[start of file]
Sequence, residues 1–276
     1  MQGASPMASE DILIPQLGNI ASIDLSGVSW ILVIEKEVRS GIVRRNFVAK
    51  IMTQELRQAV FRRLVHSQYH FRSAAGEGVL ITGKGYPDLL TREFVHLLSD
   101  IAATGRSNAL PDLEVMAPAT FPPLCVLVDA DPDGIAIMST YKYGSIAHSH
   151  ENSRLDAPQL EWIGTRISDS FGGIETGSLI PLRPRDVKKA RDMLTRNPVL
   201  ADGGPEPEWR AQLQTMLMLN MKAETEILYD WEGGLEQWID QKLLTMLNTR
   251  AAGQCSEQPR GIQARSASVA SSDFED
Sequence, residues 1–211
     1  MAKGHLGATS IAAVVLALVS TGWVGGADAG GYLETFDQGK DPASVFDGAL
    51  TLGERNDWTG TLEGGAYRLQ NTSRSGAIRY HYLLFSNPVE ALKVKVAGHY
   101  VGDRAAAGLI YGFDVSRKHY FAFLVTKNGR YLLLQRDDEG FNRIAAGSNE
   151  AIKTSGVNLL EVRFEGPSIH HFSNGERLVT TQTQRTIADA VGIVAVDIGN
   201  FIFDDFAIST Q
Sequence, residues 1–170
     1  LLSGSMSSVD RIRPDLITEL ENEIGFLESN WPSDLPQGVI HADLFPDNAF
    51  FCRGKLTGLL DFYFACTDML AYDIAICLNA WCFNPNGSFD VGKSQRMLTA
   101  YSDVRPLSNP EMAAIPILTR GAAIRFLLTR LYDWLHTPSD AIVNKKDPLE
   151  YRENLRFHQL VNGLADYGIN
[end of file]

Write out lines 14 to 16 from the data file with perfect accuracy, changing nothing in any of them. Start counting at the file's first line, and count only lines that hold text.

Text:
Sequence, residues 1–170
     1  LLSGSMSSVD RIRPDLITEL ENEIGFLESN WPSDLPQGVI HADLFPDNAF
    51  FCRGKLTGLL DFYFACTDML AYDIAICLNA WCFNPNGSFD VGKSQRMLTA